Daily State of the Markets
Publishing Note: In an attempt to recharge the batteries for the 2nd half of the year, I am going to take some time away from the keyboard for the remainder of this week. "Daily State" reports will return on Monday.
Good morning. Monday's ISM Manufacturing report in the U.S. was an eye opener on many fronts. But the key takeaway is that there is simply no denying the fact that growth is slowing down - a lot. While there was some chatter about the ISM data being "off" and several analysts said they preferred to wait for confirmation from data such as Durable Goods before panicking, the fact that the ISM Manufacturing index came in below 50 (which indicates that the sector is contracting) for the first time in 35 months means that the slowdown looks very real.
The problem though is the U.S. remains the best house in this growth-slowing neighborhood. While China's economic growth rate remains the envy of nearly every country in the world, the rate of growth has slowed from nearly 11% per year to something on the order of 7.0% - 7.5%. For comparison purposes U.S. GDP has slowed from 3.1% in the fourth quarter of 2011 to 1.9%. The rest of the BRIC's are no better as India's economy is being hit with the double whammy of slowing growth and inflation. Brazil's economy is also struggling. And then there's Europe. My guess is I don't need to rattle off any statistics in order for you to acknowledge that the continent is a mess from an economic growth standpoint.
On a micro level, there is already a fair amount of talk about how the current growth slowdown theme will impact earnings. Yesterday, a Thomson Reuters study provided some concrete evidence on the subject. The report showed that of the 85 S&P 500 companies that have recently warned about their Q2 earnings coming in below expectations, at least 20 cited Europe specifically as the reason for the expected earnings miss, while 15 highlighted adverse currency movements, and 12 more talked about earnings uncertainty being due to "macro conditions."
So, how did the stock market react to the news that the manufacturing sectors in the U.S., Europe, and China are now all contracting at the same time? Well, after the requisite algorithm-induced dive of 7 S&P points in less than 3 minutes, U.S. stocks bounced around for a while and then managed to stage a steady advance to finish with small gains, of course!
What gives, you ask? Why didn't the market tank on this horrific economic news? Why didn't stocks give back all of Friday's gains and then some? Isn't the risk of recession rising? Hasn't Europe reached the point of no return? And shouldn't traders be factoring in the possibility that the sky might actually be falling this time?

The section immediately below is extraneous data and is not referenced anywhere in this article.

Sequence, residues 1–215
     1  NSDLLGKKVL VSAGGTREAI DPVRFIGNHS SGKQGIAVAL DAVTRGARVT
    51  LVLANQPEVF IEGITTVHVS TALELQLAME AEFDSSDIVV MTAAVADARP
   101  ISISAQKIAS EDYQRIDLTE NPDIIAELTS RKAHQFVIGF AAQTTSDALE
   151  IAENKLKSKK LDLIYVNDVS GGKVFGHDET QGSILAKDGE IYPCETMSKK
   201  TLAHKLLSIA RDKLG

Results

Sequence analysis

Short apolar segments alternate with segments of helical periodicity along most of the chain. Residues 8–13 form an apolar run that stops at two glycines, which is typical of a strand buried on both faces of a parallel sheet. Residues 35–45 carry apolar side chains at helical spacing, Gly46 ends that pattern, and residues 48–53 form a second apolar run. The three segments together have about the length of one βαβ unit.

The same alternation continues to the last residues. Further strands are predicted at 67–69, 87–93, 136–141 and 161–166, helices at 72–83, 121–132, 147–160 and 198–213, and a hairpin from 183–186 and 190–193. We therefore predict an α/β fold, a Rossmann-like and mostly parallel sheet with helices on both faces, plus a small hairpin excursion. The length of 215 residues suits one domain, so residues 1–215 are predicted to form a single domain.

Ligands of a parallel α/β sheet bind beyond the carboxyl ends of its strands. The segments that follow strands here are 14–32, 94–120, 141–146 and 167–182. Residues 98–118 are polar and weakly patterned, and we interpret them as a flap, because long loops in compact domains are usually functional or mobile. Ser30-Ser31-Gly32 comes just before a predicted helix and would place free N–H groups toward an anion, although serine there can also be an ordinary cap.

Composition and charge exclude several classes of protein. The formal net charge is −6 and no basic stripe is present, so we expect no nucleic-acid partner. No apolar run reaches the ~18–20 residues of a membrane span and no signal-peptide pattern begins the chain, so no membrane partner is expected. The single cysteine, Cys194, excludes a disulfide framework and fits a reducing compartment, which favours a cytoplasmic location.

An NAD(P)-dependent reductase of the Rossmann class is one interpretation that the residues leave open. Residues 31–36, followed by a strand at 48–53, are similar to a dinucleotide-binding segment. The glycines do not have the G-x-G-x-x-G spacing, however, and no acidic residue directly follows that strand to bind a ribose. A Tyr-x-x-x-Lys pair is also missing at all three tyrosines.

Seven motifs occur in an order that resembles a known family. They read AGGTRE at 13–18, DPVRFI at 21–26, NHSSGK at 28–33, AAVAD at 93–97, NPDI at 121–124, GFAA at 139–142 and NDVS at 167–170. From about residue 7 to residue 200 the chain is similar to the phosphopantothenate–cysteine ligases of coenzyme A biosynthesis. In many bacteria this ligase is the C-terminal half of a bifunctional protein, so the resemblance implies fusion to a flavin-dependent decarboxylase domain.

The answer to any and all of the questions posed above is relatively simple. You see, the biggest central banks in the world appear to be readying the launch of pre-emptive strikes against an economic slowdown that no country on the planet can afford right now. So, with no fewer than five central banks (England, Japan, China, EU, and the U.S.) either easing or about to do something that could be considered stimulative in nature, traders know that "fighting the fed(s)" can be harmful to their health. As such, shorts cover and the long-only managers add to positions.
While we may not be seeing a return of the "Tepper trade" the concept is similar. In case you don't recall, late in the summer of 2010, hedge fund manager David Tepper told CNBC that "everything was a buy" due to the idea that investors win whether the economy gets better or worse. Tepper opined (and was proved famously correct in his assumption) that if the economy worsened the Fed would step in and print money, sending "risk assets" higher. And then if the economy improved, stocks would move up for obvious reasons.
In the past, I have suggested that Super Mario and his buddy Gentle Ben might decide to hold back at this point in time due to the fact that they may be running out of ammunition with which to fight this fight. However, it occurs to me the central bankers of the world may be better served to launch pre-emptive strikes now instead of waiting for the downward spiral to get out of control. The thinking is that with just about every major country saddled with debt, the stimulative programs launched in 2008 are off the table right now. In other words, even the U.S. can no longer spend its way out of recession in this environment.
It follows then that instead of waiting until things get so bad that central banks would need to pull a rabbit out of their collective hats in order to stave off a deflationary spiral, launching pre-emptive strikes designed to keep things from falling off a cliff might make a lot more sense. So, although the July 4th festivities may take precedent in your schedule this week, it might be wise to listen to the statements from the BoE and ECB meetings when time permits.
Turning to this morning... China's Non-manufacturing (services sector) PMI improved in June to 56.7. In addition, European markets continue to rally (although modestly) on hopes that the ECB will cut rates on Thursday. But other than that it has been a rather quiet morning in pre-market trading. U.S. futures are pointing to a flat-to-slightly lower open on Wall Street.
On the Economic front... We will get the report on Factory Orders at 10:00 am.
Thought for the day... I hear and I forget. I see and I remember. I do and I understand. -Confucius
Here are the Pre-Market indicators we review each morning before the opening bell...
Positions in stocks mentioned: none
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